"Jeff did not want to take any money," says Rogers, explaining that Harding's ex-husband still feels guilty for orchestrating the chain of events that resulted in the US Figure Skating Association. UU He forbade Harding for life. "She said she would never have thought about calling a death threat [on Kerrigan] and she was a great skater and they threw her out, and he does not want to take advantage of her."
"He took [Harding]] a while because he does not have much money, and he wanted someone [negotiate] to do it for free," says Rogers. Once he finally secured the rights to life, the screenwriter flew back to Oregon and interviewed Harding and Gillooly more intensely, recording more memories of both that were surprisingly, comically opposed to each other.
"For me, that's what the film is about – the things we tell ourselves to be able to live with ourselves, and how we change the narrative, and then we want that to be the narrative. documentary style, because they're all trying to change the narrative, you know? "
The Harding-Kerrigan event coincided with the start of the 24-hour news cycle, and the media fed the audience with their own narrative, with Harding as the villain and Kerrigan the princess, which even Rogers bought at that time.
"In that sense, it's a warning story," explains Rogers. "I just wanted everyone who hates in the comments section, who hates so randomly, to realize that it's about people, it's not just anecdotes … I'm not saying that Tonya is the hero or nobody is the villain All I really wanted to say is that they are human, and there is more to the story than you think. "
"It's a funny story, a tragic story, a crazy story, it's true, depending on your point of view," says Rogers, explaining that there was only one issue that Harding and Gillooly agreed on: the mother from Harding, LaVona, which appears portrayed in Yo, Tonya as verbally and emotionally abusive to Tonya.
"I did not interview LaVona real, because Tonya did not know if she was alive or dead," says Rogers, who wrote the role of her lifelong friend Allison Janney. "As soon as there was heat in the script, I said," Allison Janney is playing the part I wrote to her, and I want it in writing or it's a deciding factor. "I kind of said that before Allison agreed to do paper ".
When he finally introduced Janney to the paper, he said: "I wrote this part for you, you will have a bold haircut, you will have these big glasses, you will have a fur coat and a bird on your shoulder." Janney's response: "Great."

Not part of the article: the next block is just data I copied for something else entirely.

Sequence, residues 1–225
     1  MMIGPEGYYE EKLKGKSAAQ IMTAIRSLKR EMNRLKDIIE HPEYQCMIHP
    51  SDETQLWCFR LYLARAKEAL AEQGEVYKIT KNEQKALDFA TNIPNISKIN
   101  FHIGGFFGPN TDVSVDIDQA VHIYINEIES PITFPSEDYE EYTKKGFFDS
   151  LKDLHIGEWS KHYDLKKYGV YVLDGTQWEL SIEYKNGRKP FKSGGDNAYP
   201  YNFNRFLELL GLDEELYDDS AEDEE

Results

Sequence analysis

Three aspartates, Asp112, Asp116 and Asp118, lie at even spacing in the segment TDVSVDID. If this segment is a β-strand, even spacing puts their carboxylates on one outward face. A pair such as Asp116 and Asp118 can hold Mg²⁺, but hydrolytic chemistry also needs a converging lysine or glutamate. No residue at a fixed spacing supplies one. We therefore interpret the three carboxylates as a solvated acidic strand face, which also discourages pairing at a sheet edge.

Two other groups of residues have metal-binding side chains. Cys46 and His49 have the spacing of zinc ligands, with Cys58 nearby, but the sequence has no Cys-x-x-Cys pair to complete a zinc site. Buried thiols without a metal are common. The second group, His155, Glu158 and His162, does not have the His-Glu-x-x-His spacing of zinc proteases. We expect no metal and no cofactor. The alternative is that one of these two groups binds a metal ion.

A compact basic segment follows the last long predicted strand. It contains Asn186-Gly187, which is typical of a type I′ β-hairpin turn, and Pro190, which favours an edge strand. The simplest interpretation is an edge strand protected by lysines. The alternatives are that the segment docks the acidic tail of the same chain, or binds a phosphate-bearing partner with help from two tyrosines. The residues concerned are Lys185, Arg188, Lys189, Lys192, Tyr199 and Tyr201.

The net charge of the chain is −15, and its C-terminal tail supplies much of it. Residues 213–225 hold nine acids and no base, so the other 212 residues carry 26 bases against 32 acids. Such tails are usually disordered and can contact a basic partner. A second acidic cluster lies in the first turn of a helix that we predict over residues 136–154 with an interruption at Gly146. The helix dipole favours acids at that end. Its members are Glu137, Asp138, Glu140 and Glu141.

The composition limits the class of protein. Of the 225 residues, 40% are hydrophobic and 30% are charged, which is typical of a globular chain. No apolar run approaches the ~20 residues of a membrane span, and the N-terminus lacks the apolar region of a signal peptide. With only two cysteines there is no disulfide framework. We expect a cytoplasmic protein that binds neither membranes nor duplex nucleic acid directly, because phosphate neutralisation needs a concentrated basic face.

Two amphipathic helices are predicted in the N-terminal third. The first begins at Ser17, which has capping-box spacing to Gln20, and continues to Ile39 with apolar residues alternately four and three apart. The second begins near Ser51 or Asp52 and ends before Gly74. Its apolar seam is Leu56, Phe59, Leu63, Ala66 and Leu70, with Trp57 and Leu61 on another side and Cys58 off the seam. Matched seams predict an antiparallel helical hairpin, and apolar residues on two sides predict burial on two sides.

Rogers also sent the script to Harding. read. I only had one note: "There were too many curses."
Margot Robbie became immediately interested in the script, and met with Rogers about playing Harding and producing the film through his production company LuckyChap. The screenwriter notes that when he told Robbie about his interviews with Harding, "his eyes had this intense focus all of a sudden," the same intense focus that Harding had in his eyes when he spoke of the triple axel. (To this day, Harding is one of eight women who successfully achieved triple axel in international competitions, because the producers could not find a double body capable of physically landing in the chamber, the triple axel in . ] Yo, Tonya was recreated with special effects.) "I just thought," Wow, that's another signal. "
Craig Gillespie ( Lars and the real girl ) joined Yo, Tonya who according to Rogers had a budget of $ 11 million – and his scenes of 260 and something in 31 days. "Because we did not have a lot of money, it made us feel bad, and I think that disjointed quality reflects the characters," says Rogers.
When Harding saw the film for the first time, the former figure skater laughed and cried. "There were things that he did not like," says Rogers. "Mostly, things that were told from Jeff's point of view, but she sent me an email twice, thanking me."
The most important frame of the film for Harding comes to an end, once she finishes her skating career and has been excluded from skating in the US. UU In fact, it has nothing to do with skating at all. It is a final presentation card, once the fate of all the key characters has been revealed, which simply says: "Tonya wants you to know she is a good mother".
Speaking of how that letter came about, Rogers says that Harding asked during his interviews, "How do you want people to remember you?"
"She said, 'I want people to know that I'm a good mother,'" she says. "She broke the cycle of violence and became the mother she never had, which is really moving towards me, here is a girl who was always looking for love in her life, and a family And I think she finally got it"